I love their name. It’s in your face and on the mark. They’re the Great Old Broads for Wilderness, a Colorado-based, national organization with a Minnesota chapter of 40 women ranging in age from 50–80.
They organized four years ago — to learn more about nature and the outdoors, to swing a hatchet or wield an axe to clear a portage trail and to lobby with other groups for clean water and unspoiled wilderness.
According to their national publication, Broadsides, it’s a strategic persona: “There’s no doubt that a group of older, grey-haired women … can attract media attention, especially when walking into a Congressional office; or as grannies with rolling pins rallying against public land bullies; or arms linked together to protect an old-growth tree.”
Minnesota’s Great Old Broads haven’t carried rolling pins, but they’ve joined with Friends of the Boundary Waters to oppose the two copper-nickel mines proposed for the northeastern part of the state.
“Our focus here in Minnesota is clean water — cleaning it up and making sure it stays that way,” said Janet Bourdon, 76, the principal founder of the group four years ago. “The copper mining process is not safe, regardless of what the mining companies claim. What’s left behind is sulfuric acid and we worry about the watershed so close to the BWCA.”
Bourdon, who grew up in White Bear Lake, graduated from the University of Minnesota and had a career as a job-search consultant, which included developing curricula to help people find work. Beyond her profession, Bourdon’s had a passion for the outdoors — since she was a kid.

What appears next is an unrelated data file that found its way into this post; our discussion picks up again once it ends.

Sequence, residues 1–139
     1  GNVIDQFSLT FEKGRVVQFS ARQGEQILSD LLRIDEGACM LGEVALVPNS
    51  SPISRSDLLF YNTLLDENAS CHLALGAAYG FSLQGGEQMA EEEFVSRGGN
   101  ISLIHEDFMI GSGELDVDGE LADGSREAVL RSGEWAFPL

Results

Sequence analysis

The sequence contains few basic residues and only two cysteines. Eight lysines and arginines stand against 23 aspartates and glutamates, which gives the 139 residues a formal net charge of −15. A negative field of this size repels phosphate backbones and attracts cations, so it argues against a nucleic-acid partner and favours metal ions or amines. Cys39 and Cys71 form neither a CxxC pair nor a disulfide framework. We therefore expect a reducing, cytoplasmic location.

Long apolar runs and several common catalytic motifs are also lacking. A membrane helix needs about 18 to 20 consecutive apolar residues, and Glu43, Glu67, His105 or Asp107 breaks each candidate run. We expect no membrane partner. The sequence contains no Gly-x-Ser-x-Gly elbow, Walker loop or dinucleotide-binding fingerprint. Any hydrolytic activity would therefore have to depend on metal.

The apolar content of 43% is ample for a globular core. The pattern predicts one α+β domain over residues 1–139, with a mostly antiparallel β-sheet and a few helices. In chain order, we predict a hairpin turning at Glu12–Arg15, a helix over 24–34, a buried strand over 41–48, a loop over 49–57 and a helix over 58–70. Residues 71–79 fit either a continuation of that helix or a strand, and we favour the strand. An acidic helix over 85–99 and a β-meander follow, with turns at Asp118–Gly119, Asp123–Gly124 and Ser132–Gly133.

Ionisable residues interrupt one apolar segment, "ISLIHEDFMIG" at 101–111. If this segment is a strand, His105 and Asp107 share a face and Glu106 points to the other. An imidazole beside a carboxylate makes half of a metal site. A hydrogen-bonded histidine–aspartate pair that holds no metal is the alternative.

“I spent hours and hours outdoors,” she said, “exploring, canoeing, kayaking, skiing and hiking. You name it, and I think I’ve done it. I believe I’ve hiked in all the national parks in this country. I’ve also travelled abroad. But I do love the wilderness that is ours.”
That kind of passion is what drives Bourdon to encourage other women to join the Great Old Broads. One woman who’s grateful for the opportunity is 80-year-old Jan Butler from Minnetonka.
“I could just kick myself for not joining them earlier,” she said. “They have added so much to my life.”
What Butler’s got in the past two years is an up-close look at the ecosystem in Blue Mounds State Park and some of the finest trout habitat in Minnesota in Whitewater State Park. On one trip, they saw a bison herd and a fish hatchery. While they were learning, they were also camping, passing up motel rooms with soft beds for tents and sleeping bags.
“I went out to Glacier [National Park] this summer,” Butler said, “and I camped by myself on the way out and back. I have camped all over the United States and Canada.”
This fall Butler and a dozen other Great Old Broads spent a weekend at Camp Menogyn on the Gunflint Trail. They talked, gawked, hiked and worked, clearing portage entrances to Daniels Lake and Duncan Lake in the BWCAW.
“It feels good to be doing something,” Butler said. “We have so much camaraderie, and it’s just a fun time.”
The group hopes that camaraderie attracts some younger women in Minnesota, too. Despite their name, they seek women who simply value the wilderness, desire to learn more about it and want do something to protect it.
What I admire about these Minnesota women is they’re still eager to learn, to work up a sweat, to sleep on the ground and to raise a little hell (fuss, if you’d rather) for a good cause.
Best of all, they’re having fun doing it.
To join the Great Old Broads for Wilderness — annual memberships start at $30 — go to greatoldbroads.org or call 970-385-9577.
Dave Nimmer had a long career as a reporter, editor and professor. Now retired, he has no business card, but plenty to do. Send comments or questions to firstname.lastname@example.org.